The slower pace of autumn makes for perfect for shopping in Whistler. With winter approaching and all the latest ski and snowboard gear lining the shelves, you need to take a little time to try things on, test out multiple brands and models and basically get yourself as prepared as possible to rip that pow once it arrives. Check out the Whistler Insider’s Local Walk and Shop tour if you need more guidance but the best shopping often comes from wandering around and letting your instincts sniff out the best deals.

Or, on the opposite end of the spectrum, the annual Turkey Sale, a massive flea-market of winter gear that attracts thousands, happens every (Canadian) Thanksgiving Weekend. It’s mayhem, but it’s fun.

7. Pamper Thyself

Feeling creaky in the joints? Rainy day blues happening every day? Time to spa it up. Whistler has plenty of spas and wellness facilities. The Scandinave is always popular, and I can personally attest that the Thai Stem Foot Massage at Avello is no joke either. And should you be so lucky to have benefits, now is the time to book and burn through them.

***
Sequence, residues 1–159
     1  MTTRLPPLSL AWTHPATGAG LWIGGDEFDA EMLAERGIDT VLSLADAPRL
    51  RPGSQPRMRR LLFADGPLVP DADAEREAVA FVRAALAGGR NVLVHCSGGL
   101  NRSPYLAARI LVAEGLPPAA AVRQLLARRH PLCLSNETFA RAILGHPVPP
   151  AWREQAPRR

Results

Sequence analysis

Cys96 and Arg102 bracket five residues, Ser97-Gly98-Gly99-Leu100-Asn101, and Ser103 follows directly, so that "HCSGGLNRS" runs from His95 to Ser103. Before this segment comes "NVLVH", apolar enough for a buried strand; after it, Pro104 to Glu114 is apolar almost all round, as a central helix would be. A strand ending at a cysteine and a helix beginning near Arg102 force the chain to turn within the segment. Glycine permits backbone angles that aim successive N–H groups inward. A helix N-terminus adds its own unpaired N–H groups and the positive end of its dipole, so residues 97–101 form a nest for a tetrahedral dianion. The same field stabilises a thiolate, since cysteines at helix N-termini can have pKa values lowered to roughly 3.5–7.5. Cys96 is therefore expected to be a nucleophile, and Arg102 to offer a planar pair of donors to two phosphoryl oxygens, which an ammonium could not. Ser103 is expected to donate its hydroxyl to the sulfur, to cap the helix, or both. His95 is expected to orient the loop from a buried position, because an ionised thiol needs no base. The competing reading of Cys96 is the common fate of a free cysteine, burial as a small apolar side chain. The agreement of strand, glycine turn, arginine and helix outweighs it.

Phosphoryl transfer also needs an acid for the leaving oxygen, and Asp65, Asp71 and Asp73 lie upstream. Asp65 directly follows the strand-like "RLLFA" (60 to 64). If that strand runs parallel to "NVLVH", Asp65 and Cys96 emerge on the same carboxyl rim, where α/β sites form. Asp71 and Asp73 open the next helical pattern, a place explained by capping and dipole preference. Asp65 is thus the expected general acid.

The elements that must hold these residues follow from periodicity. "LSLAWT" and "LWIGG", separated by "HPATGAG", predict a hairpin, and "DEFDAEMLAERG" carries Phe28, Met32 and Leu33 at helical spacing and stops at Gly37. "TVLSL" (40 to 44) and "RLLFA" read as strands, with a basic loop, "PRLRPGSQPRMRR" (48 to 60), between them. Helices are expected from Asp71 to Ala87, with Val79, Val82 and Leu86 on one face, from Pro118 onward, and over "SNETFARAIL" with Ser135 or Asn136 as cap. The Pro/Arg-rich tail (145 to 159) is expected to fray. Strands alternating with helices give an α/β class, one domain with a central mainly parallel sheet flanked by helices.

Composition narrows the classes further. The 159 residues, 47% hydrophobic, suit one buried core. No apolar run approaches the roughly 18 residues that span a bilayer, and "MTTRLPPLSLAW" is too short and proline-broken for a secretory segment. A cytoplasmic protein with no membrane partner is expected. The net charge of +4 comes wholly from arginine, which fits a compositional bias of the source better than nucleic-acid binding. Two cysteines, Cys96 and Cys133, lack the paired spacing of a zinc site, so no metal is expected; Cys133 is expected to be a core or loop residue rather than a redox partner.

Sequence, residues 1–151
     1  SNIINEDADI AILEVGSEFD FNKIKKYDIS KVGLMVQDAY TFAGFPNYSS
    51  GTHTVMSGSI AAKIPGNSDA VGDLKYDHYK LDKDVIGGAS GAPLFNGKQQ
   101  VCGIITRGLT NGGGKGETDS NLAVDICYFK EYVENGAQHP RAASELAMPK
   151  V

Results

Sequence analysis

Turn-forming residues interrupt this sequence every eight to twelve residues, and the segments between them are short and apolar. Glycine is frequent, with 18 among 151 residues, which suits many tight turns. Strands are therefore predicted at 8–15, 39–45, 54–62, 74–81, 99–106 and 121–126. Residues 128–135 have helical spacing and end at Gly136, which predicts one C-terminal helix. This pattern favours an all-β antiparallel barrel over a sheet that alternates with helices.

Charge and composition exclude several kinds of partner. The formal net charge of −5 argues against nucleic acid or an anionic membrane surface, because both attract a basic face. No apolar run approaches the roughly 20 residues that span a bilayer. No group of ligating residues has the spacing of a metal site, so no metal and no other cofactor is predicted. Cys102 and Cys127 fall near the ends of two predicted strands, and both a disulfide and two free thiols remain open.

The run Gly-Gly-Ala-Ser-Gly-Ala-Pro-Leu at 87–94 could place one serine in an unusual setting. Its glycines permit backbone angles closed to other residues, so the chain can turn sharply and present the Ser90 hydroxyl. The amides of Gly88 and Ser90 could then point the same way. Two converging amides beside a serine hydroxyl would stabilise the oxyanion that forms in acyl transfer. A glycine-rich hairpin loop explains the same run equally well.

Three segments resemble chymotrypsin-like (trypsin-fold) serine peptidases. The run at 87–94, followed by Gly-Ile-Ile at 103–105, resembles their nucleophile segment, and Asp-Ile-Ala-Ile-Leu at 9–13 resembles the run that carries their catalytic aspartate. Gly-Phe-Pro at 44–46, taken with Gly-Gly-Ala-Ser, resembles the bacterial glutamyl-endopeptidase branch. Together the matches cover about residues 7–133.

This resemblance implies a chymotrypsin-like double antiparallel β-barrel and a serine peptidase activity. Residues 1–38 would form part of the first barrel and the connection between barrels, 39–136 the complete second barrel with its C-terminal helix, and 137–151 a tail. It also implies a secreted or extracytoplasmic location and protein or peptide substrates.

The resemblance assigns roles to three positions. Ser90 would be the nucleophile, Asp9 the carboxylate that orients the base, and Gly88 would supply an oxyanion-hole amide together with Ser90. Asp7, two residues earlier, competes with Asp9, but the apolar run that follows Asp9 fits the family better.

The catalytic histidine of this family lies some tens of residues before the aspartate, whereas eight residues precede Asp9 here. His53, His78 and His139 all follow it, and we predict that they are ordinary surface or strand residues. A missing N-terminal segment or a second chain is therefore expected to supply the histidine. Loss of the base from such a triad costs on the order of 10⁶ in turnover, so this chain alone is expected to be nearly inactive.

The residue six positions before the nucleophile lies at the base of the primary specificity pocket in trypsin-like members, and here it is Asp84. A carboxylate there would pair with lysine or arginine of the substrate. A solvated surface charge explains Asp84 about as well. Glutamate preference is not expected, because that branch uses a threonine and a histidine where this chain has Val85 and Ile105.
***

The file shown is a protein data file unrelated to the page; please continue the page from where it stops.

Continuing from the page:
Insider tip from a girl here in the offices –“You can go to the Spa at the Four Seasons, or any other one, for a morning massage from a registered massage therapist (RMT) and then just relax there and enjoy the facility for the entire day.” Now that’s what I’m talking about.

8. Walk a Dog…or the Course

Just because Summer is officially over doesn’t mean the pound dogs suddenly stop needing their daily walks. Head a few minutes north of the Village to WAG – Whistler Animals Galore and see if they have any puppies that need a stroll. Drop in walking hours are 1-4 PM daily depending on the current animals in house and few things help a person make friends in this town as quickly as a happy pooch.

For another way to get in the steps, a relaxed game of golf might be just the ticket. Courses are open through to October, and a leisurely 18 or 9 holes is a great way to stock up on sunshine ahead of winter.

9. Eat